In Defense of Getting Paid

I’ll be the first to admit that I don’t like Critical Role. I know that it’s not for me. It’s not all that entertaining to me, or funny, or compelling in any way. That doesn’t mean I can’t appreciate what they do though. Like the band U2, Pathfinder RPG, A Clockwork Orange, or putting ketchup on hot dogs – there are many popular things I simply don’t enjoy but it doesn’t mean I can’t still recognize and appreciate their contributions to the whole.

I’m writing this piece from the standpoint of a Freelancer who has been at “writing things for elf games” for nearly a decade. Also, spoiler alert, I’m in no way defending Wendy’s.

Critical Role’s massive popularity has played an undeniably significant roll in 5e D&D’s meteoric rise to the game’s former 1980s levels of popularity, possibly beyond. We’ve got D&D slot machines in casinos, D&D jewelry, boutique D&D “premium” products, another D&D movie coming, D&D in many popular TV shows, documentaries, and D&D being talked about by plenty of celebrities on talk shows and more. We won’t get into my complicated ambivalence on celebrity D&D culture but it’s worth noting since the game itself seems to be at an all-time high in both popularity and acceptance.

Being a creative means you need to know what you’re worth. Nobody should work for free. “Pay what you want” is horse shit (most of the time). No one should devalue themselves, but especially not creatives who by-default are always undervalued because we live in a society that has de-prioritized art and the humanities so far below STEM, Law, and other areas of study and professions. That said, I’m pretty sure all of the CR folks are doing just fine for themselves right now, but that’s not to say that they should just up and quit because they’ve reached a certain level of prosperity.

Did they need the Wendy’s money? I’m not sure. On the surface I’d say no, but you truly don’t know. I know for a fact that some people exclaim “X Small Publisher is running another Kickstarter? They’re already rich from the last one!” because they don’t know the inside scoop as to how much those small publishers struggle. I don’t know the inside scoop of the CR folks so I’m not going to assume. As a general statement though, I don’t blame them for seizing the opportunity to potentially bring in a whole other demographic of folks into the RPG world with the cross-promotion and get paid for it. It could be good for the hobby, it could be good for them as creatives too.

Enter Burgertown

Is this a “we’ve made it” moment? More than all of the other things I mentioned above about the game’s popularity, but is one of the most major fast food chains in America releasing their own D&D clone icing on the tabletop RPG validation cake? I’m not sure. What I am sure of though, is that it was an excellent PR move. Being able to goof about your character, BRO-ZONE, your Feast of Legends Order of the Frosty spell caster who’s kinda’ like Frozone from The Incredibles but he surfs around on a tasty chocolate dessert wave and is a dumb frat guy fighting to save the world from frozen burger clowns is a golden fucking opportunity for laughter. I’m sorry. Anyway. The game is a goof, and I’ve finally come to the conclusion that nobody knows how to have fun anymore.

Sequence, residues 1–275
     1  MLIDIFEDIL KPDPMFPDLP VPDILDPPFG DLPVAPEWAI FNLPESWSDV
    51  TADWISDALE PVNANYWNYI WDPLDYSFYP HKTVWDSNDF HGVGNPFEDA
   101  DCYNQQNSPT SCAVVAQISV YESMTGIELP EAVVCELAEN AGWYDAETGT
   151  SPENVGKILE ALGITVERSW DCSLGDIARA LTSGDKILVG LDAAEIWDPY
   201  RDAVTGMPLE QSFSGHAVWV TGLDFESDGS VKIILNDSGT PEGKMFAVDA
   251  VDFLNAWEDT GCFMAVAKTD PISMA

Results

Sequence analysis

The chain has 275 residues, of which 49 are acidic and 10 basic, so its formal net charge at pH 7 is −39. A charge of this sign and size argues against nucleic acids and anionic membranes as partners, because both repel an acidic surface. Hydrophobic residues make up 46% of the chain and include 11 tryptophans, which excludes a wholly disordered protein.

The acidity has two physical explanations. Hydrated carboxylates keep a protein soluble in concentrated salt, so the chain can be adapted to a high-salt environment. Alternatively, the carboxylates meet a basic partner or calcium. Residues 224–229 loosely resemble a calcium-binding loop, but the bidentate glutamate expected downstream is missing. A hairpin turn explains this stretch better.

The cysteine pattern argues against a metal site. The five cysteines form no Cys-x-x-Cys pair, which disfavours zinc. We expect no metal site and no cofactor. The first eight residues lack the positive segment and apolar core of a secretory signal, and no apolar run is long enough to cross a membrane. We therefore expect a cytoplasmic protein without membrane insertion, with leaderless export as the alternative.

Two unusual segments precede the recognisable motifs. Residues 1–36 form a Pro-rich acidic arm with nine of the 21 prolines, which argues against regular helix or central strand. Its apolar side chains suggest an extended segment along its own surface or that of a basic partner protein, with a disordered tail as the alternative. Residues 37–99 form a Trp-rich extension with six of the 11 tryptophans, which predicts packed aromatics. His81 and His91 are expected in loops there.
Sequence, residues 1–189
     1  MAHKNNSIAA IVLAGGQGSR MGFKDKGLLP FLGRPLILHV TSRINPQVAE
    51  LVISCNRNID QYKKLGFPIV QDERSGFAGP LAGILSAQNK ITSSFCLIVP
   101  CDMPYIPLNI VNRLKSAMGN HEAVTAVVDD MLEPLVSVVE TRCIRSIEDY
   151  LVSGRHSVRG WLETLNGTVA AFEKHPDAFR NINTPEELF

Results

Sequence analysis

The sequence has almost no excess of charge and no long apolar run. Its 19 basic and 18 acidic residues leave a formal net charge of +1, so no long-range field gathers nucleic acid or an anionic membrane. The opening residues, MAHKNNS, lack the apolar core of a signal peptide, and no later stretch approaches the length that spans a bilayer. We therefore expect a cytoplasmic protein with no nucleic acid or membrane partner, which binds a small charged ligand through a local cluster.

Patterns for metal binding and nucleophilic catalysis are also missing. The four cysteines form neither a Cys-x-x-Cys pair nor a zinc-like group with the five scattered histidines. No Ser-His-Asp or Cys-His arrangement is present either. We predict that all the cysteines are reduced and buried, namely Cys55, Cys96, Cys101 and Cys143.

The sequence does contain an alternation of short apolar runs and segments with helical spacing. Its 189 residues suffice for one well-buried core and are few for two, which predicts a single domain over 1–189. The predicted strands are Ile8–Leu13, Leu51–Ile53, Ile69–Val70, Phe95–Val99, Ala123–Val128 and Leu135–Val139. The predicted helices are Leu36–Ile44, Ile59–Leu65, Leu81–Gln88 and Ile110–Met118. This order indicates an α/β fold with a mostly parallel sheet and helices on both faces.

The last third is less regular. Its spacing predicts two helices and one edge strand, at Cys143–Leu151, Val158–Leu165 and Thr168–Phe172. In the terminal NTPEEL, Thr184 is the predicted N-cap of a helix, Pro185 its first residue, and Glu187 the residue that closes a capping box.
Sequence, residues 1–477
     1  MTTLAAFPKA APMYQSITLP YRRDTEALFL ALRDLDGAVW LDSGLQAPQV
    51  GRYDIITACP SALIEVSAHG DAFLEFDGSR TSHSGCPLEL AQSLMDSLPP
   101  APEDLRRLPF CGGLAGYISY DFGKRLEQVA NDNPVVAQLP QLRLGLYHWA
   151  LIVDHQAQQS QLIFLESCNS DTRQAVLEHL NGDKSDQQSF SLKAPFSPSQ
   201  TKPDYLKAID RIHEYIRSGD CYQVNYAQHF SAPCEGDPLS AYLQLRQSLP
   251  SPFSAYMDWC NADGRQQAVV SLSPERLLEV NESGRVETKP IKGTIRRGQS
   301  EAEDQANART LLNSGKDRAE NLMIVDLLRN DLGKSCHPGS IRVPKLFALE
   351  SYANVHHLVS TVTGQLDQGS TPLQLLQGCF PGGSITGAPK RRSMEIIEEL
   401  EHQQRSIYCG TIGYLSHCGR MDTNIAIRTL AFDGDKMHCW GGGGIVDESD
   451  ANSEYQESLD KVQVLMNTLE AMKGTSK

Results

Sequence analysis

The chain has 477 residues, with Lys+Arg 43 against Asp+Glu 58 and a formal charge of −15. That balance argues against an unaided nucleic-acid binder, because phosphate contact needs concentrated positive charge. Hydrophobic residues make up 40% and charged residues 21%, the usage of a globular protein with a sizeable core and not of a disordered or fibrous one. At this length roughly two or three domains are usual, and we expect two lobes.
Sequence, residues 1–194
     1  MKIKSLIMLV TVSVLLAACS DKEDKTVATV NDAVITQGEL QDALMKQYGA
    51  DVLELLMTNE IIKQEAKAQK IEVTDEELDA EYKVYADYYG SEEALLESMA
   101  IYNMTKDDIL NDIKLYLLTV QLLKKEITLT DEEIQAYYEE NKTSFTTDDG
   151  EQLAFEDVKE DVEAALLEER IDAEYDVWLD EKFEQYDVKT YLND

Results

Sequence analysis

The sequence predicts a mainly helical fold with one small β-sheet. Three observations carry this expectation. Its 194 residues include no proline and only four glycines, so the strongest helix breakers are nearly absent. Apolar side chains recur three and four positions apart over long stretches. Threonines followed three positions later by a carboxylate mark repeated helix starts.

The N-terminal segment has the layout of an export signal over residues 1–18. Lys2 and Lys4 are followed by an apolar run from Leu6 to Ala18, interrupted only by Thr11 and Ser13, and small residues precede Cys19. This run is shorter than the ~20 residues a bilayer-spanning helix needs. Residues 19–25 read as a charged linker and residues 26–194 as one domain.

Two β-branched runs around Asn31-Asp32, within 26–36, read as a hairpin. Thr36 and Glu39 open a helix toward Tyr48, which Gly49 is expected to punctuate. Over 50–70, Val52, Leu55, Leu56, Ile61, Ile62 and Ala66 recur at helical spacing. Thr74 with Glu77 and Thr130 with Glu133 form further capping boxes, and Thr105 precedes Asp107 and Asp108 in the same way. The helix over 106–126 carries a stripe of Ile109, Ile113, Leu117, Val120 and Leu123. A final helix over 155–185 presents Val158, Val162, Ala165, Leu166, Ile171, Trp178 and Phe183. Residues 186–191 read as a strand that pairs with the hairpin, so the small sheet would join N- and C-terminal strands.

We had a good run.

Hating CR for Taking A Sponsored Gig

When you look at it as “CR Partners with Wendy’s, notorious Fair Food Holdout and Trump donor shit lords to create tabletop RPG about spicy nugget adventures.” then I suppose it doesn’t look great. I get that. But hey, fuck Trump. Fuck not paying workers better, fuck refusing to align with the CIW just so you can save money on tomatoes. Fuck Wendy’s. Fuck the rampant over-commercialization of everything. Fuck all of it. But fuck Critical Role? Really? It’s as if some folks out there are envisioning Matt Mercer lying in bed on a pile of ill-gotten Wendy’s cash, smoking a cigar wrapped in workman’s comp claims next to some hedge fund Trump cultist. He’s everyone’s fucking hero right? Matt Mercer, praise be unto him! He saved Dungeons & Dragons! He gets paid to be in on a cheeseburger RPG goof and all his goodwill gets tossed out the window? Because the CR folks decided to get paid for doing what they do best? ENTERTAINING PEOPLE? I watched part of the stream okay, it was actually entertaining. Don’t tell anyone.

Critical Role is several steps removed from Trian Partners, the Trump-donor hedge fund who owns 12.5% of Wendy’s and its CEO Nelson Peltz himself. There are no writing credits in the Feast of Legends PDF (whoever wrote it btw, had a lot of fun doing it) and it was likely created by a PR / Marketing firm that Wendy’s hired. I doubt it was in-house. So should people be mad at the entire marketing firm / team? Or just the members that wrote this game? Should they be mad at the artists and layout folks who helped? The illustrators? Should they be mad at Wendy’s workers who are just trying to earn a living? Fuck. Working at Wendy’s isn’t “a living” for 85% of the people that work there either, and we all know that. So who deserves the anger here? I don’t think it’s any of the folks I just listed.

Anger And Where To Place It.